While prenuptial agreements still might ring unromantic for some, they can be right for others. Here are seven situations in which a prenuptial agreement might be right for you.

  1. When important assets are involved - When you have assets such as a house, stocks or retirement funds, a prenuptial agreement can protect your personal assets.
  2. When children from previous marriages are involved - Many times people have obligations to their previous spouses or children from a previous relationship. Prenuptial agreements can protect certain assets and allocate them to the children.
  3. When one partner owns a business - If you own a business and you end up getting a divorce, part of your business may be allocated to your spouse, meaning you may end up with an unwanted partner in your business.
  4. When one partner is much wealthier than the other - When there is a major income difference in partners, things can often turn out not in the favor of the wealthier partner.
  5. When one partner is much older than the other - If one partner is much older than the other, the older partner may not be able to recover their assets in time for retirement.
  6. When debts are involved - When one or both partners have debt going into a marriage, having a prenuptial agreement can ensure that each partner pays for his or her own debt when the marriage is dissolved.
  7. When inheritance is expected - If one or both partners expect to gain an inheritance during their marriage, a prenuptial agreement can prevent it from being divided in the case of a separation. A prenuptial agreement can also specify that family heirlooms stay with a specific partner.
Contact an Illinois Prenuptial Attorney If you think that a prenuptial agreement is right for you, you need the help of an experienced Illinois prenuptial attorney to take care of the details. The Law Office of Matthew M. Williams can provide you with guidance and nearly 10 years of expertise. Call 630-409-8184 to schedule a consultation.

Sources:

https://www.washingtonpost.com/business/economy/why-youre-more-likely-to-have-a-prenup-than-your-parents-were/2017/08/04/51361598-77d8-11e7-9eac-d56bd5568db8_story.html?utm_term=.4744c5cea865

http://aaml.org/sites/default/files/New%20vow%20%E2%80%99Til%20prenup%20do%20us%20part.pdf

Make Sure Your Prenuptial Agreement is Valid, divorce, family law, marital assets, Prenuptial Agreement, Aurora divorce attorneyWhen the Illinois Uniform Premarital Agreement Act went into effect it applied to all premarital agreements executed on or after January 1, 1990. So while premarital agreements, also called prenuptial agreements or “prenups,” have been in use for more than 25 years, every year a number of these contracts are voided for a variety of reasons.

Without the help of an experienced lawyer who focuses their practice on matters of prenuptial agreements, you could watch as your spouse walks off with a lion’s share of the marital assets. Understanding the basics is a good start toward protecting yourself in the event of a divorce.

What Might Invalidate Your Prenup?

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Posted on in Divorce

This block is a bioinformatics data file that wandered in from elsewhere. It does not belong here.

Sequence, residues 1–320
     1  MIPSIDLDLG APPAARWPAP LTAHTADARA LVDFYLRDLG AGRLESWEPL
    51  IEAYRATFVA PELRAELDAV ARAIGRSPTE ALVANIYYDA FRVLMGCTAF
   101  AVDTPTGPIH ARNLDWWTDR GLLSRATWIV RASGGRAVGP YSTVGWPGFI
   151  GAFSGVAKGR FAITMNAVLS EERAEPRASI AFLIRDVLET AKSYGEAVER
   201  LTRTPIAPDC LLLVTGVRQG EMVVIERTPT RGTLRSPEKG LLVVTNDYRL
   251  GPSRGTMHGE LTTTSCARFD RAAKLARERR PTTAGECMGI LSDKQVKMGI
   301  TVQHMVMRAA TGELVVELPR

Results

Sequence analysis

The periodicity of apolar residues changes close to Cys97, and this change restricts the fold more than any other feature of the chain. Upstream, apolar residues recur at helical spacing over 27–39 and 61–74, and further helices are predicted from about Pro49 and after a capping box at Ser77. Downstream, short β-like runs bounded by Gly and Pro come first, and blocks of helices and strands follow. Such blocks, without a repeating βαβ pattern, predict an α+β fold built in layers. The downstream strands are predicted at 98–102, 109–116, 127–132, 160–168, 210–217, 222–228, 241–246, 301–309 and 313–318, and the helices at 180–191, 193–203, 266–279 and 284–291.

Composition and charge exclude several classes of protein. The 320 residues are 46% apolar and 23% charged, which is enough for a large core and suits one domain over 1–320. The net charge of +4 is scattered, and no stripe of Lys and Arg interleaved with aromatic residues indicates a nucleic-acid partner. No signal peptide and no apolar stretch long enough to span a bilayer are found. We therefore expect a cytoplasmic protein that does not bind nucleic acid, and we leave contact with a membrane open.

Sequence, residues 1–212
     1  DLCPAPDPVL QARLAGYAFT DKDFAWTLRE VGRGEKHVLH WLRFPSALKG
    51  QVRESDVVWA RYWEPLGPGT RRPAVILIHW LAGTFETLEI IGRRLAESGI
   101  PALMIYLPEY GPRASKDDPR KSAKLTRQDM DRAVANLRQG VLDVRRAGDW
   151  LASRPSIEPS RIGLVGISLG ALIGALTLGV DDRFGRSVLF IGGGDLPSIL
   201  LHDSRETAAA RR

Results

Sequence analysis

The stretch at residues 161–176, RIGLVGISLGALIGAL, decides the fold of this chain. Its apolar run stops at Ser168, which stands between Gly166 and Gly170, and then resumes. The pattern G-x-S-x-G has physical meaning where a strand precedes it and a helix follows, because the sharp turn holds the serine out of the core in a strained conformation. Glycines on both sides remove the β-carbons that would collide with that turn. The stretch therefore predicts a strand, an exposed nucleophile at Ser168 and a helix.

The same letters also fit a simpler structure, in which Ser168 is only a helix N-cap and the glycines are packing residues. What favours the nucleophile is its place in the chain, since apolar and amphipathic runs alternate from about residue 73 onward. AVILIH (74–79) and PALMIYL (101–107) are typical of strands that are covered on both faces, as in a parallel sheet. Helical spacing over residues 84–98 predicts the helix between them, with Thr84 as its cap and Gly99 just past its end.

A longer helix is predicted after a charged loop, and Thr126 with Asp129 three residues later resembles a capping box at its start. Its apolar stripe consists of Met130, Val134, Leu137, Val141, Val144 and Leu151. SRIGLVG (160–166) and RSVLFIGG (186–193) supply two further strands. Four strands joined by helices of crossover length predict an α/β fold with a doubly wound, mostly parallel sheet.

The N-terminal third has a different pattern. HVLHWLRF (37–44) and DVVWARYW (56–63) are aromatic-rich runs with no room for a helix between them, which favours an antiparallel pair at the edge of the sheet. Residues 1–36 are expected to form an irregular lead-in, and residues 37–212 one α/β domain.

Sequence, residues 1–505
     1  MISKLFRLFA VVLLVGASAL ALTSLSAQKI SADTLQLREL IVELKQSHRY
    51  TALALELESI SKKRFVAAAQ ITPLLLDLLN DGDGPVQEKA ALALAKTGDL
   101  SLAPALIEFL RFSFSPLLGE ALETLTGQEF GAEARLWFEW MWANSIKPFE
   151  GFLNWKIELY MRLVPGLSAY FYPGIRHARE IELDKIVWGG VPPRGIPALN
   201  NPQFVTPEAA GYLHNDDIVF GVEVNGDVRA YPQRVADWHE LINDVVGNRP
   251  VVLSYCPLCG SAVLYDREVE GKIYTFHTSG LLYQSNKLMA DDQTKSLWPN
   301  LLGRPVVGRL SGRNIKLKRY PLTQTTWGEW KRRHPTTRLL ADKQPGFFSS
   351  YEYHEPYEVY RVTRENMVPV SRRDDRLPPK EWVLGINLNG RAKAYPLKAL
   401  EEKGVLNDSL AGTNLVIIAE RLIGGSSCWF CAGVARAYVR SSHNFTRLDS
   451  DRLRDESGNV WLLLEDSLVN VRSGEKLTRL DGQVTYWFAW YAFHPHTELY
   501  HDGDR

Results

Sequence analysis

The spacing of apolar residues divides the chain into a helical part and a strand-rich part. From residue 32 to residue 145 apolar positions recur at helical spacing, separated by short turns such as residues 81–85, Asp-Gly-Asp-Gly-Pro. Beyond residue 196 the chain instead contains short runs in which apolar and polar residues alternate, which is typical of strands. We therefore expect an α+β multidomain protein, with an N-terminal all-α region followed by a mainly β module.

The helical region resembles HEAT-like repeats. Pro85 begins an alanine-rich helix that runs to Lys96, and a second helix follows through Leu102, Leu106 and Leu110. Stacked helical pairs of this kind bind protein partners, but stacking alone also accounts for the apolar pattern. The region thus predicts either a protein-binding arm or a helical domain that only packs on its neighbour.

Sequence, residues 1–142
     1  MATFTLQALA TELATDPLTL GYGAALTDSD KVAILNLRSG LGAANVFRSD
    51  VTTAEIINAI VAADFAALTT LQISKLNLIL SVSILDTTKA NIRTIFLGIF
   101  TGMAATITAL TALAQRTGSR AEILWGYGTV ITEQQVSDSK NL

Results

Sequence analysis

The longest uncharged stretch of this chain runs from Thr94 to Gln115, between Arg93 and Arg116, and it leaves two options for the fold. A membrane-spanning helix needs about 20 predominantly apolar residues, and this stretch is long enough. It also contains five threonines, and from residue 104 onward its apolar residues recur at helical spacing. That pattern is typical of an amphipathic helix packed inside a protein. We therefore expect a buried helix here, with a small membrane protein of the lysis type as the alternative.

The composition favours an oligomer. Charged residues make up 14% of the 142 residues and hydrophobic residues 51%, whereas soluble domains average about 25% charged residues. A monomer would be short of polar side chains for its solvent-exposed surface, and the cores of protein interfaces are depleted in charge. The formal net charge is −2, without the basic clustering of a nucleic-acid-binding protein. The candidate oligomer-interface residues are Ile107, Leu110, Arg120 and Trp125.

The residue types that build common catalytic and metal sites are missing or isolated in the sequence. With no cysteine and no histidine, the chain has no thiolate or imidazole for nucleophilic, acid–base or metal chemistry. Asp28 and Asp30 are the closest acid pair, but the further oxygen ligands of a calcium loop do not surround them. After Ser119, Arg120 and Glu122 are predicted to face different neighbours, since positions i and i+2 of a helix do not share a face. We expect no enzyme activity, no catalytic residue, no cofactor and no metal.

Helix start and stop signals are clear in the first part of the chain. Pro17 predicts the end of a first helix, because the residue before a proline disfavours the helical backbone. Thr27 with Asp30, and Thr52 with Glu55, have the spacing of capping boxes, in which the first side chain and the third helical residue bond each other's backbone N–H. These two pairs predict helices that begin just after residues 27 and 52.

divorce, DuPage County divorce attorneySome divorces can take years to resolve, which can lead to many unfavorable consequences for both parties. However, many divorces can be resolved on a quicker timeline and with fewer attorney’s fees.

To streamline your divorce proceedings, consider the following tips:

1. Agree with your soon-to-be ex-spouse as much as possible.

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Posted on in Uncategorized

prenuptial agreement, DuPage County family law attorneyA prenuptial agreement is a legal contract developed and signed by a couple before they get married. A prenuptial agreement, or “prenup,” can delineate how financial assets and property will be divided in the event that the couple divorces in the future. It is important to understand that a couple cannot use a prenuptial agreement to make determinations about future custody of or child support for children the couple has together.

Benefits of Prenuptial Agreements

There are a number of potential benefits to developing a prenuptial agreement. For example, a prenuptial agreement can be used to:

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finances, Aurora family law attorneyIn the United States, an estimated 40 to 50 percent of all first marriages end in divorce. That number jumps to 60 percent for second and subsequent marriages. In survey after survey, one of the top issues that cause major rifts between married couples is finances. Different spending habits, different saving habits, and other differing perspectives on how money should be handled can do a lot of damage in a marriage. For example, one survey revealed that 47 percent of the couples surveyed had completely opposite spending and saving habits, which led to much stress in the marriage.

These statistics make a good argument as to why it is critical for engaged couples to have serious discussions regarding finances before they get married. Knowing how your future spouse handles money can help avoid big surprises after the vows are exchanged.